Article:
By Jessie Shi
Four years after The Board of Elections installed a system of electronic voting machines in New York City, there were no major problems reported in the polling districts in northern Manhattan this primary day.
Workers at the Grace United Methodist polling station dealt with two glitches, the first around 8 a.m. and the other a few hours later. In both cases, the paper ballot that voters feed into the scanning machines jammed. Election coordinator Alexander E. Medwedew says the jams briefly delayed the voting procedures of around 25 people in total.
Because of the importance of maintaining the integrity of the vote, there are elaborate procedures for fixing a jam, even a simple one. Here are the instructions from the Basic Poll Worker Manual for what to do when a jam happens:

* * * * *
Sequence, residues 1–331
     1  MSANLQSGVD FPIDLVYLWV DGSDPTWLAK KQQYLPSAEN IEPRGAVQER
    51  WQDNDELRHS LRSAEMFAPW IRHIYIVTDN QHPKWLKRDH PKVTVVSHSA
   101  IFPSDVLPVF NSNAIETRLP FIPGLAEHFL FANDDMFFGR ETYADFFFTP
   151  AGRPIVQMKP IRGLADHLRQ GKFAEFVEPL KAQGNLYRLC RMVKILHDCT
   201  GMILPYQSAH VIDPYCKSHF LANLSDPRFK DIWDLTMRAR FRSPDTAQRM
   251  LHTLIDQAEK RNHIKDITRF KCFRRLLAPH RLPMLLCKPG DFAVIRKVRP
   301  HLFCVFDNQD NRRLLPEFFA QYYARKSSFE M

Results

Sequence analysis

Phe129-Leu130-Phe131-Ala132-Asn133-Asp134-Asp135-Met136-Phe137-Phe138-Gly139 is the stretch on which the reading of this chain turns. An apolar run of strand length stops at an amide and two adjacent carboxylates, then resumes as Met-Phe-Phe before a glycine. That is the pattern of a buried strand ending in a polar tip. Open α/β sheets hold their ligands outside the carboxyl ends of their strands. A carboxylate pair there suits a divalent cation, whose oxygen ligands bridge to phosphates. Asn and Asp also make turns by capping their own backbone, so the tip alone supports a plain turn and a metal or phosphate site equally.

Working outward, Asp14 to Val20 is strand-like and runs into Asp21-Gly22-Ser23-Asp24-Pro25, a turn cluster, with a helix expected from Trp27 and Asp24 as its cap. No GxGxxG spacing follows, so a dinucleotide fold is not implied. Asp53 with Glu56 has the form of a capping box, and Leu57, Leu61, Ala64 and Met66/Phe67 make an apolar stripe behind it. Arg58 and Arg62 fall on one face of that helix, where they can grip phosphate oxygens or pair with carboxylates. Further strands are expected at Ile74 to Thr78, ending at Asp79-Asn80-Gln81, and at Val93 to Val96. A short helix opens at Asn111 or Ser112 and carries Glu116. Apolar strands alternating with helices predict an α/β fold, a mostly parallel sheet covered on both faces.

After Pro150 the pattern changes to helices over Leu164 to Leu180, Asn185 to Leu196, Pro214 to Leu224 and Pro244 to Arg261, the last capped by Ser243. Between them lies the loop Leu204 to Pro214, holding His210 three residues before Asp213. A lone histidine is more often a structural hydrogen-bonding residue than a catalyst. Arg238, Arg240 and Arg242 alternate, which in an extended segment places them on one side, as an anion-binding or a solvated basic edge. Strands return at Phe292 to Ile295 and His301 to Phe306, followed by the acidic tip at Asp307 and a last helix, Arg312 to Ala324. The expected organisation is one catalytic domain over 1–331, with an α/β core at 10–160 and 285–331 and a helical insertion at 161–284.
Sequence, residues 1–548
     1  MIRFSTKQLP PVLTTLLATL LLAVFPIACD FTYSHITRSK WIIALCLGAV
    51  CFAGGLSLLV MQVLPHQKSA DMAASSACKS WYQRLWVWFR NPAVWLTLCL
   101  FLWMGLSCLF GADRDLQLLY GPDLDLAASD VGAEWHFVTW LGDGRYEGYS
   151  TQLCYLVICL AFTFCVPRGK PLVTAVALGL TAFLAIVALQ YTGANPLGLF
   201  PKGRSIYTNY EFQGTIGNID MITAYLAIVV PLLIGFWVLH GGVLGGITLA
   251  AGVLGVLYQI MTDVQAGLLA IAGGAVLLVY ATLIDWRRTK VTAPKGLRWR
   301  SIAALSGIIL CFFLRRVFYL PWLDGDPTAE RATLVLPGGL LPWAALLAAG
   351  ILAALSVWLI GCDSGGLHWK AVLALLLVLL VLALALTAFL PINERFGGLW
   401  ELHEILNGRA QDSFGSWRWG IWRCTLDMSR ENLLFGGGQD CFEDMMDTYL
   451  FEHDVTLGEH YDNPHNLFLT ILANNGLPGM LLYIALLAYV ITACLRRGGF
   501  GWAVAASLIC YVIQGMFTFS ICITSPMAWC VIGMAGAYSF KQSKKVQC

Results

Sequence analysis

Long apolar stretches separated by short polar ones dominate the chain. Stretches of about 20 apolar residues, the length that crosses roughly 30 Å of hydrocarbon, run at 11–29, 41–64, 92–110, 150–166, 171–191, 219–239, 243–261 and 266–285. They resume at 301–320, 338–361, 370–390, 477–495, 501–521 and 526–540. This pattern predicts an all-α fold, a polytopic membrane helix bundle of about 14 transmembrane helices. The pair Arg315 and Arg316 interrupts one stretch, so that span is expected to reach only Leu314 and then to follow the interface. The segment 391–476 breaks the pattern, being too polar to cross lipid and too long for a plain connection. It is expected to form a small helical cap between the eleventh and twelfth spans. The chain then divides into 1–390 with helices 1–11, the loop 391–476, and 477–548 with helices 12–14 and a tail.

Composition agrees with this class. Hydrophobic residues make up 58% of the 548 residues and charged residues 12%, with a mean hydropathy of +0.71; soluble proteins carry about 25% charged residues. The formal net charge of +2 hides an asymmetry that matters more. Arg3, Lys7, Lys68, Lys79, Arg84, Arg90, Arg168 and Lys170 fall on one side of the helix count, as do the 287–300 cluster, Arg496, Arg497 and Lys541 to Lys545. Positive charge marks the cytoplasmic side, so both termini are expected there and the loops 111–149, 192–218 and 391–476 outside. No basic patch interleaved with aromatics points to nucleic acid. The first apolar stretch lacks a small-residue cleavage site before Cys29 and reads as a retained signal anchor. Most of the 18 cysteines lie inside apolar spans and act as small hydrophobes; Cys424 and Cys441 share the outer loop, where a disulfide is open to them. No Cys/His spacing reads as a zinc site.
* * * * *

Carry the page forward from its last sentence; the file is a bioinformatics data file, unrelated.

- A bipartisan team open the door of the scanners with the police present
- The team check to make sure the flaps are open
- The coordinator calls for more seals when finished
If scanner jams remain:
- Scanner inspectors tell the coordinator to call the borough office
- Scanner inspectors direct voters to other scanners until a technician arrives
If all scanners break down:
- Scanner inspectors notify the coordinator immediately
- The coordinator calls the borough office
- Scanner inspectors wait for the coordinator to tell them to begin the emergency procedures
- Direct all voters to place their ballots into emergency ballot boxes. There are usually two at each poll station.
- If the broken scanners are fixed, inspectors scan all emergency ballots into the scanners
- If the broken scanners are not fixed, the coordinator collects all emergency ballots to the Election Day tables for tally
Luckily for the voters at Grace United Methodist, both problems were resolved at the first stage and voting resumed in about five minutes.